source: sasmodels/sasmodels/models/sphere.py @ 6140894

ticket-1257-vesicle-productticket_1156ticket_822_more_unit_tests
Last change on this file since 6140894 was 6140894, checked in by richardh, 5 months ago

removed nerge text from model_test, more notes in sphere.py

  • Property mode set to 100644
File size: 5.5 KB
Line 
1r"""
2For information about polarised and magnetic scattering, see
3the :ref:`magnetism` documentation.
4
5Definition
6----------
7
8The 1D scattering intensity is calculated in the following way (Guinier, 1955)
9
10.. math::
11
12    I(q) = \frac{\text{scale}}{V} \cdot \left[
13        3V(\Delta\rho) \cdot \frac{\sin(qr) - qr\cos(qr))}{(qr)^3}
14        \right]^2 + \text{background}
15
16where *scale* is a volume fraction, $V$ is the volume of the scatterer,
17$r$ is the radius of the sphere and *background* is the background level.
18*sld* and *sld_solvent* are the scattering length densities (SLDs) of the
19scatterer and the solvent respectively, whose difference is $\Delta\rho$.
20
21Note that if your data is in absolute scale, the *scale* should represent
22the volume fraction (which is unitless) if you have a good fit. If not,
23it should represent the volume fraction times a factor (by which your data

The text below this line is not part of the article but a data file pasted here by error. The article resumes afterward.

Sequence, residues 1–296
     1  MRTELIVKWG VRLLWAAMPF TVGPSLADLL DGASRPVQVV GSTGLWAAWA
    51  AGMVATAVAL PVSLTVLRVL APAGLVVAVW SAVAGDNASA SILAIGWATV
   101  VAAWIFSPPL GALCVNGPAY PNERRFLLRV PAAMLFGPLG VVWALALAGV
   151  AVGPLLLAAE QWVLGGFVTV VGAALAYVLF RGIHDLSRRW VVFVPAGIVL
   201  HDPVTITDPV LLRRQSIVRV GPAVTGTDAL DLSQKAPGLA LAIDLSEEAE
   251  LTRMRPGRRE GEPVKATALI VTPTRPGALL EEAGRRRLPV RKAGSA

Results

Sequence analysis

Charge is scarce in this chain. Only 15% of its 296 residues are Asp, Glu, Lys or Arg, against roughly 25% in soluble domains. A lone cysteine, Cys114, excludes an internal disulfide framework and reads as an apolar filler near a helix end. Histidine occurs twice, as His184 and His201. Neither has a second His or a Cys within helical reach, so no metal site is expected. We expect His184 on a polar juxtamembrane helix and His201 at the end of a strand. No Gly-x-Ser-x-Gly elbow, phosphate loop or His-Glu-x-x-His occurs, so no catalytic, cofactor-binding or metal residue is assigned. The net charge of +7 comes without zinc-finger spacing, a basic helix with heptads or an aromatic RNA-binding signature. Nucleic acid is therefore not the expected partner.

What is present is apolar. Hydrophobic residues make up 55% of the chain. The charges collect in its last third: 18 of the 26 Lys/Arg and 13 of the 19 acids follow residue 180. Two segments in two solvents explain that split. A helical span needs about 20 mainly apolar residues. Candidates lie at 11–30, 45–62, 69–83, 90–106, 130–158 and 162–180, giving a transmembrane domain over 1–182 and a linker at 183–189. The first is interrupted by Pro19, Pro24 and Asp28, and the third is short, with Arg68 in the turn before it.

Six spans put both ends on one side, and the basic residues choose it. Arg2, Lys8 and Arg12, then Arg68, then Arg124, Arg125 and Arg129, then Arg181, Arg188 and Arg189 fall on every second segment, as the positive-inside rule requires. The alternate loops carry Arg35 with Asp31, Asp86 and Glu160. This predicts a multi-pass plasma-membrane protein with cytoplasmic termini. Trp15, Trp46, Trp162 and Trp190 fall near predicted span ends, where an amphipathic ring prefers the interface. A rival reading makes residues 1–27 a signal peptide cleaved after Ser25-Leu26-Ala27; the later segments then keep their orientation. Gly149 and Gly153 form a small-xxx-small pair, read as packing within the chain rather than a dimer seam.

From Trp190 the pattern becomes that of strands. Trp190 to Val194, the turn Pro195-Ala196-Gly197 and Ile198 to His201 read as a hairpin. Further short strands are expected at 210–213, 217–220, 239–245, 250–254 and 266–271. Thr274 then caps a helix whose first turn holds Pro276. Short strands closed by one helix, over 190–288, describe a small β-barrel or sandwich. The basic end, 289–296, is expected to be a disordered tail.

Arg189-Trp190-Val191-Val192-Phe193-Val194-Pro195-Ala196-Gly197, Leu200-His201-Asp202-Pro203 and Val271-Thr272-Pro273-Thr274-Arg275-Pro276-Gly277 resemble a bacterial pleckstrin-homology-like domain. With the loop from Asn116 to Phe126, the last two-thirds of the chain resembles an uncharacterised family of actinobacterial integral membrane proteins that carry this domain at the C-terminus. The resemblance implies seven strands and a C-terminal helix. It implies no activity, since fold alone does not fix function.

24might need to be rescaled).
25
26The 2D scattering intensity is the same as above, regardless of the
27orientation of $\vec q$.
28
29Validation
30----------
31
32Validation of our code was done by comparing the output of the 1D model
33to the output of the software provided by the NIST (Kline, 2006).
34
35
36References
37----------
38
39.. [#] A Guinier and G. Fournet, *Small-Angle Scattering of X-Rays*, John Wiley and Sons, New York, (1955)
40
41Source
42------
43
44`sphere.py <https://github.com/SasView/sasmodels/blob/master/sasmodels/models/sphere.py>`_
45
46`sphere.c <https://github.com/SasView/sasmodels/blob/master/sasmodels/models/sphere.c>`_
47
48Authorship and Verification
49----------------------------
50
51* **Author:**
52* **Last Modified by:**
53* **Last Reviewed by:** S King and P Parker **Date:** 2013/09/09 and 2014/01/06